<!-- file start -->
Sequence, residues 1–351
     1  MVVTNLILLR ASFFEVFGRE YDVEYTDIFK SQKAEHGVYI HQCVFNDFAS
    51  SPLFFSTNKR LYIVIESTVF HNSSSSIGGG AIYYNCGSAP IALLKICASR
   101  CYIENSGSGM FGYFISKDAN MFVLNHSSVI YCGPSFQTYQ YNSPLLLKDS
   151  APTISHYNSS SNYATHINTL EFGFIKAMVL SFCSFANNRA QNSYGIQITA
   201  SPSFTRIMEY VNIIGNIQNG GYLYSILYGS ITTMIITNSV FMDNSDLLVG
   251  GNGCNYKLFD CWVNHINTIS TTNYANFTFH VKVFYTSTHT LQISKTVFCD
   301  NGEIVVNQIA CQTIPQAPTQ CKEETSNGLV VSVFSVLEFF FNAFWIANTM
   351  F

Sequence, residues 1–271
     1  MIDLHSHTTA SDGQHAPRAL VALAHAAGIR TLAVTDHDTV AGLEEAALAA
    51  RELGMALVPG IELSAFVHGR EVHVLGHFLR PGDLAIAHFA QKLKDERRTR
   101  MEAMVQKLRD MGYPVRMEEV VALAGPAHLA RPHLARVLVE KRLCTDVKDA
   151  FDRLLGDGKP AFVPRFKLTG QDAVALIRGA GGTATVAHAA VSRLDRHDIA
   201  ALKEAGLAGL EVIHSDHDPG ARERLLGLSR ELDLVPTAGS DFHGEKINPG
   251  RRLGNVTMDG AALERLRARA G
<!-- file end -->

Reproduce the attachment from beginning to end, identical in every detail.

Sequence, residues 1–351
     1  MVVTNLILLR ASFFEVFGRE YDVEYTDIFK SQKAEHGVYI HQCVFNDFAS
    51  SPLFFSTNKR LYIVIESTVF HNSSSSIGGG AIYYNCGSAP IALLKICASR
   101  CYIENSGSGM FGYFISKDAN MFVLNHSSVI YCGPSFQTYQ YNSPLLLKDS
   151  APTISHYNSS SNYATHINTL EFGFIKAMVL SFCSFANNRA QNSYGIQITA
   201  SPSFTRIMEY VNIIGNIQNG GYLYSILYGS ITTMIITNSV FMDNSDLLVG
   251  GNGCNYKLFD CWVNHINTIS TTNYANFTFH VKVFYTSTHT LQISKTVFCD
   301  NGEIVVNQIA CQTIPQAPTQ CKEETSNGLV VSVFSVLEFF FNAFWIANTM
   351  F

Sequence, residues 1–271
     1  MIDLHSHTTA SDGQHAPRAL VALAHAAGIR TLAVTDHDTV AGLEEAALAA
    51  RELGMALVPG IELSAFVHGR EVHVLGHFLR PGDLAIAHFA QKLKDERRTR
   101  MEAMVQKLRD MGYPVRMEEV VALAGPAHLA RPHLARVLVE KRLCTDVKDA
   151  FDRLLGDGKP AFVPRFKLTG QDAVALIRGA GGTATVAHAA VSRLDRHDIA
   201  ALKEAGLAGL EVIHSDHDPG ARERLLGLSR ELDLVPTAGS DFHGEKINPG
   251  RRLGNVTMDG AALERLRARA G